Background: The March 2003 outbreak of the severe acute respiratory syndrome (SARS) resulted in significant morbidity and mortality. Muscle weakness and elevated serum creatine kinase levels are commonly encountered in patients with SARS. However, the nature and cause of myopathy associated with a SARS infection are unknown because, to our knowledge, there has been no report of histological or postmortem examination of the skeletal muscle from SARS-infected patients.
Objective: To determine the exact nature of the myopathy associated with SARS.
Method: Postmortem skeletal muscles from 8 consecutive patients who died of SARS in March 2003 were studied under light and electron microscopy as well as immunohistochemistry.
Results: Focal myofiber necrosis was identified in 4 of 8 cases. Macrophage infiltration and regenerative fiber were scanty. All 4 patients treated with a steroid had significant myofiber atrophy. In situ hybridization for coronavirus was negative in all subjects. Viral cultures for coronavirus and examination for viral particles under electron microscopy were performed in 2 patients. The viral culture yielded no organisms and there were no viral particles seen on electron microscopic examination.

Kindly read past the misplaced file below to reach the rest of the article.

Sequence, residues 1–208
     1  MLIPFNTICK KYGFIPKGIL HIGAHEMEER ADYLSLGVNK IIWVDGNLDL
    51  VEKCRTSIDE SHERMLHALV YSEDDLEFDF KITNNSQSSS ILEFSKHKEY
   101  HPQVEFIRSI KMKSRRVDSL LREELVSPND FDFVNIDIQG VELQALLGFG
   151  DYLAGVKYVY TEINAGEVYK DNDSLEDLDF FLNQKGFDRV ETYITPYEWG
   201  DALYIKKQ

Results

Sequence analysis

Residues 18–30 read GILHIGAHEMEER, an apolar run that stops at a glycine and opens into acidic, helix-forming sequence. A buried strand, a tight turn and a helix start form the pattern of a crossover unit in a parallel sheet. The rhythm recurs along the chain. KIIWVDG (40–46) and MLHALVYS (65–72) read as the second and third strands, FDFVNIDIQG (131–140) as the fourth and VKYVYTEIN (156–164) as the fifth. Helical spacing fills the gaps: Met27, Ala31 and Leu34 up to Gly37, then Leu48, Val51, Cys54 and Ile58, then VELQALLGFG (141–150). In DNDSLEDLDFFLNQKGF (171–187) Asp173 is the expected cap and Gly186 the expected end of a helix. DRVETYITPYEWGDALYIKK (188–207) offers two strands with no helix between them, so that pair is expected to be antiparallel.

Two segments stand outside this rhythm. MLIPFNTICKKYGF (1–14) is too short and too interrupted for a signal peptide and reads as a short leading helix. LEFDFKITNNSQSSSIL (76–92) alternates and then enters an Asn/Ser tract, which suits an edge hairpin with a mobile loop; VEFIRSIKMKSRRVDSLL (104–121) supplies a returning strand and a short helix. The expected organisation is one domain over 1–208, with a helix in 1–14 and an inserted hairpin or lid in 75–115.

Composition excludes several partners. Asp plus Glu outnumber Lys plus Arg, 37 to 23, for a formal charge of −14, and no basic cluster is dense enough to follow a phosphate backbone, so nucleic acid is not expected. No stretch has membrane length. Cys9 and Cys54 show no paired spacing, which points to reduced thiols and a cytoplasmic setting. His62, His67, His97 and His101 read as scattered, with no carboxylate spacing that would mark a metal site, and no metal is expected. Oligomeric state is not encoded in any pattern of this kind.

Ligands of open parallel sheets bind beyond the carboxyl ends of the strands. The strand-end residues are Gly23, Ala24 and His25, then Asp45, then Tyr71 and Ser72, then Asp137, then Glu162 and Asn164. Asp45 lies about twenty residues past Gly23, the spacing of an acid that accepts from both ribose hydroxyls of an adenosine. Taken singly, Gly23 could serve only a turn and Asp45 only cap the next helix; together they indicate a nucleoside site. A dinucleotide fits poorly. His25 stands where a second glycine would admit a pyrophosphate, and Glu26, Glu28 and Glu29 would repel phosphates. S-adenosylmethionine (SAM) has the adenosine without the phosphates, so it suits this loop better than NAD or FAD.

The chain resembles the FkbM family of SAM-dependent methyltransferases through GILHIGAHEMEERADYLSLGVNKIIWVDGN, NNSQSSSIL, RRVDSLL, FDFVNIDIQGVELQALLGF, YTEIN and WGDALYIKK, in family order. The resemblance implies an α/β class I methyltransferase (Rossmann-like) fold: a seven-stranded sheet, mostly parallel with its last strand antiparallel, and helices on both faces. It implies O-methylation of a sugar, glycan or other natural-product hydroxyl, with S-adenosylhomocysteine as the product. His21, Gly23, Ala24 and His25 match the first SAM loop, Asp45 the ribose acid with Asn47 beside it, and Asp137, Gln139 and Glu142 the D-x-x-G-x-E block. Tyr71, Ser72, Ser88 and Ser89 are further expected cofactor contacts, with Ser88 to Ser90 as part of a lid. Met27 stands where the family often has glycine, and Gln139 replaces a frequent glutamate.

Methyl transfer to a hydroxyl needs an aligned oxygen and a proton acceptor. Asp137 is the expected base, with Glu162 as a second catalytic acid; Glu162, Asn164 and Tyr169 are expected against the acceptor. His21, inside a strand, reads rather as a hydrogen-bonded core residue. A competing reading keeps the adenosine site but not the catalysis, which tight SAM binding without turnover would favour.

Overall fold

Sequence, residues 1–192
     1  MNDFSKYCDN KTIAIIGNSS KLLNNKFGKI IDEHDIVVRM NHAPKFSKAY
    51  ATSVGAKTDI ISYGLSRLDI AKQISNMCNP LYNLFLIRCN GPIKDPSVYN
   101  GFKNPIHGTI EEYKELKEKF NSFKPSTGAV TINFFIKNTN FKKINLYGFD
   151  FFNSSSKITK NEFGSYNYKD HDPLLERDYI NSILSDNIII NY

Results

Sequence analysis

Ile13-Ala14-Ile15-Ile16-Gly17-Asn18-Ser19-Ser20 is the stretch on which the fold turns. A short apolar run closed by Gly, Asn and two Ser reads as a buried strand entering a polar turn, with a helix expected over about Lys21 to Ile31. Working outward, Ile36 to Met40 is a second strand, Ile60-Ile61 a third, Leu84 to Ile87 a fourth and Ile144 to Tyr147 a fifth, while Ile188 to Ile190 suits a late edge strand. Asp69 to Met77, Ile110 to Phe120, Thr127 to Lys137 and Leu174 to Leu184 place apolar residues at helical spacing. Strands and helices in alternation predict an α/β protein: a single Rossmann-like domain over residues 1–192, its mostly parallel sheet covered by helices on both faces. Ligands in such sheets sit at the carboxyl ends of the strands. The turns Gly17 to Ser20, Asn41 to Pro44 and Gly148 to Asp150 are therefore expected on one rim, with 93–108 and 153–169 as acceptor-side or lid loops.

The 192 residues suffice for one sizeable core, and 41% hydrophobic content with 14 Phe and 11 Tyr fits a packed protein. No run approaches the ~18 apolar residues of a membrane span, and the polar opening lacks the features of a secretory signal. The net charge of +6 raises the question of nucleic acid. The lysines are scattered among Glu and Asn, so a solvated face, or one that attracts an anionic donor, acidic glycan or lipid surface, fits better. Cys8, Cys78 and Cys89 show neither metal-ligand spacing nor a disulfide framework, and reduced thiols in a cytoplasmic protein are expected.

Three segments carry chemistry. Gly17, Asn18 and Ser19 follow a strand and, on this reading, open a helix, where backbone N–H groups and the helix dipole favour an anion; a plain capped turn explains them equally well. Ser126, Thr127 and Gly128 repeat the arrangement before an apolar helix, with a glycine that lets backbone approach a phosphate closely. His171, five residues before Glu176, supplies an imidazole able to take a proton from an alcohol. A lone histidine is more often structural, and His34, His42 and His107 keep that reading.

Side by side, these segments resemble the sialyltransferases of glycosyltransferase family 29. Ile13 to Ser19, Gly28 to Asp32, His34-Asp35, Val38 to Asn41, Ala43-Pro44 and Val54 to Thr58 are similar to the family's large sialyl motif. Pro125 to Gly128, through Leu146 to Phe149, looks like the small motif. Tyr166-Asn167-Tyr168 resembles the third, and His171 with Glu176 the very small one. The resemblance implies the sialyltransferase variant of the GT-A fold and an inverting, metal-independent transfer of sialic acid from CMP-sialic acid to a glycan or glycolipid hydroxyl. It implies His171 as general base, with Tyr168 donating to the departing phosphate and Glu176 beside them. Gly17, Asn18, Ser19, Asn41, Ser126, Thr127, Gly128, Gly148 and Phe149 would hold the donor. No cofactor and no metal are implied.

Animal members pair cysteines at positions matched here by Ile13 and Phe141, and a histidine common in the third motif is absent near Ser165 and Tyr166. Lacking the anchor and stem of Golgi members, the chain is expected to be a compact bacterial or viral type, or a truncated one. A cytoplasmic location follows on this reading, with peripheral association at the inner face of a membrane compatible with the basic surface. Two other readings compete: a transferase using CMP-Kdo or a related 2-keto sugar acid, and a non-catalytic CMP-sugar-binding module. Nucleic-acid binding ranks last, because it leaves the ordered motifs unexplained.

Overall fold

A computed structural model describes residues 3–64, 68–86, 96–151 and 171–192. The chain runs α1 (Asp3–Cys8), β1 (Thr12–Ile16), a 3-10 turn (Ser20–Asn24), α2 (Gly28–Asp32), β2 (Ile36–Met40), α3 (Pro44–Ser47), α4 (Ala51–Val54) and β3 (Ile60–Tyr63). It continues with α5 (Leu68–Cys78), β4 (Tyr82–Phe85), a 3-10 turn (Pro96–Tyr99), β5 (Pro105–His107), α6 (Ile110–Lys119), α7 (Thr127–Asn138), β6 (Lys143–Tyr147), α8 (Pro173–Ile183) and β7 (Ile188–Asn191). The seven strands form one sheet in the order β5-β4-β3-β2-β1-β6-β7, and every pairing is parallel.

Conclusions: There is a spectrum of myopathic changes associated with a SARS infection. Focal myofiber necrosis is common and possibly is immune mediated. Critical illness myopathy and superimposed steroid myopathy may also play an important role in SARS.